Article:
A picture of health

You want to take the best care of your dog as you can,
so it's good to learn a little about how their body works.

We’ve put together a list of useful facts for you to browse through.



All ears

They hear sounds rather than language

Dogs have excellent hearing, and perceive sound at a much greater frequency than we do. Contrary to what you might believe, they hear sounds rather than language. Words such as ‘dinner’, ‘walkies’, and of course ‘Cesar’ generate excitement because they’re linked with positive experiences.

Bright eyes

Seeing moving objects nearly 1km away

Did you know your little dog can typically identify a moving object from nearly 1km away? As many owners know, dogs also have a much greater ability than humans to see in the dark. Contrary to popular myth, however, they aren't colour blind.

Strong teeth and gums

Small breeds are most
at risk

Many dogs develop signs of gum disease by the age of three. Small breeds are most at risk because they live longer, giving the condition more time to take hold.

They also have the same number of teeth as small dogs, but with smaller jaws. Simply brushing your little dog’s teeth regularly can help keep your dog’s teeth and gums healthy.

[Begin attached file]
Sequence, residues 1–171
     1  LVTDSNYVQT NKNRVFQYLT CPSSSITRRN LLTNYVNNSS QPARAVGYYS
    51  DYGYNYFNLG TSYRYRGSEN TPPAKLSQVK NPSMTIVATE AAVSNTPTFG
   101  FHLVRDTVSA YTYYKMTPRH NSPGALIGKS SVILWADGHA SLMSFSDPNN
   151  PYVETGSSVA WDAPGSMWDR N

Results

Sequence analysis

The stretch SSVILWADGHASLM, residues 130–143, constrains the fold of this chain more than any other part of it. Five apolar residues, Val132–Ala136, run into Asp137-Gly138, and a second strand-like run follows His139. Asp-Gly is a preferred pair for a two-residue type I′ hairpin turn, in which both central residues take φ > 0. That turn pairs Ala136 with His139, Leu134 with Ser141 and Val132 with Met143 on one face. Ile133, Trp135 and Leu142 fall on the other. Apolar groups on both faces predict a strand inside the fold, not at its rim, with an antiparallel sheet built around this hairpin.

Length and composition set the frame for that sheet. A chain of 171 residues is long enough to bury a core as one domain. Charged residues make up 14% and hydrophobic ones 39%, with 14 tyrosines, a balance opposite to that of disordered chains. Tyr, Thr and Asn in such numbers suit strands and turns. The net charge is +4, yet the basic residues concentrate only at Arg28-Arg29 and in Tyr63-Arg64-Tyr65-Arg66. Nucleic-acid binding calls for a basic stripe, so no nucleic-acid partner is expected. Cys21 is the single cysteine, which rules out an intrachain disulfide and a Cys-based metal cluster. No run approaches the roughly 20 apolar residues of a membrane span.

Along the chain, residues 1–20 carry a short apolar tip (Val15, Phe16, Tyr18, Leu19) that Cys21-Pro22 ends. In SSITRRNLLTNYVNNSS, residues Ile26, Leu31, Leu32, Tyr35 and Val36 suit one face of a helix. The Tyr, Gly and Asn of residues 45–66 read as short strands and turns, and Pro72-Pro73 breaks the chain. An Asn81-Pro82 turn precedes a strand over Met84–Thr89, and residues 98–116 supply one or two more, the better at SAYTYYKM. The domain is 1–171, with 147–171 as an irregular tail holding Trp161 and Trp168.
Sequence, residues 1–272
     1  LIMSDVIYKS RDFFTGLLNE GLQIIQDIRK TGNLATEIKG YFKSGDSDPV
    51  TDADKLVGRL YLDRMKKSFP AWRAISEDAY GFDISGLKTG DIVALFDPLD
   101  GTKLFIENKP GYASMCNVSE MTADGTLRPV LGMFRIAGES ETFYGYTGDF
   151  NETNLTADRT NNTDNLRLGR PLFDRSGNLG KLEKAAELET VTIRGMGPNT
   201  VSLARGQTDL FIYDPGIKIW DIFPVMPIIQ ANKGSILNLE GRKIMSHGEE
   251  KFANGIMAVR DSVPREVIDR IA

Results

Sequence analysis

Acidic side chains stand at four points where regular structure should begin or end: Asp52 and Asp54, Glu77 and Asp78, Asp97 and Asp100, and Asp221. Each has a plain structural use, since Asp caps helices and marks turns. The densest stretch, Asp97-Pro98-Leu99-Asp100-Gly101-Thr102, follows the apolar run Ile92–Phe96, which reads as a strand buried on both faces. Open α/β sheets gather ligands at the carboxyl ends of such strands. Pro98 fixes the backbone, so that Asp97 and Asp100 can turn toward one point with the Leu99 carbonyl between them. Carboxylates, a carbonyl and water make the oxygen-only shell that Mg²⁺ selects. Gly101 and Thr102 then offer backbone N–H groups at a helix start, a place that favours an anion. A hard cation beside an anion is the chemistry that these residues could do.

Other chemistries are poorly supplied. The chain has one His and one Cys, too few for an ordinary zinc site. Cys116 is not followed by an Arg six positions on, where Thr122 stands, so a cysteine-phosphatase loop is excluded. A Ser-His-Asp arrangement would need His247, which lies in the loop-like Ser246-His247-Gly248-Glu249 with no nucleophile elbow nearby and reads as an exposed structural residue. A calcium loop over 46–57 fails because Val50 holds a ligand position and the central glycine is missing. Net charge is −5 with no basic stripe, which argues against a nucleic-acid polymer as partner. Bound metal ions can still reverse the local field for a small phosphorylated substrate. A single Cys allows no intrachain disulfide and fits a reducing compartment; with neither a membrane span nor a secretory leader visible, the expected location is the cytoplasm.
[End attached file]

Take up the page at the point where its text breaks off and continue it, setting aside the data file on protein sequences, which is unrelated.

Shiny coat

A glossy coat is good...

You can tell a lot about your dog’s general wellbeing from the condition of his coat. A glossy coat is good news, whereas a coat in poor condition could indicate one of several things. It might mean your little dog is lacking in the right vitamins and minerals, so a diet check is essential.

Poor skin and coat can also indicate food allergies or diabetes – have a word with your vet if in doubt. Things to look out for when you’re checking your little dog’s coat and skin include hair loss, excessive dandruff or crustiness, reddened/ greasy skin and increased scratching.

Wag that tail!

Body sensitivity varies amongst dogs...

Body sensitivity varies among dogs, but you might have noticed that most enjoy being stroked around the head, chest and back. Dogs’ most sensitive nerve endings are found along their spine and tail, demonstrated by their enthusiasm for being patted and rolling on their backs.

Great skin

Your dog’s skin is really important...

Not only does it protect from injury, it also helps keep your trusty friend hydrated. The skin stores up the nutrients dogs need to keep healthy, and even creates Vitamin D – vital to maintaining healthy organs.

And as well as all this, it helps regulate body temperature, increases sensory perception and is a really good indicator of overall health.


Small dogs ‘go to the toilet’ less often...

Small dogs don’t need to ‘go’ as often as larger breeds. They also tend to produce less when they do. However, they often have a high amount of calcium in their urine, making them more prone to stones in their bladder.

This can be painful, so if you have any doubts make sure you get your little dog checked over by a vet.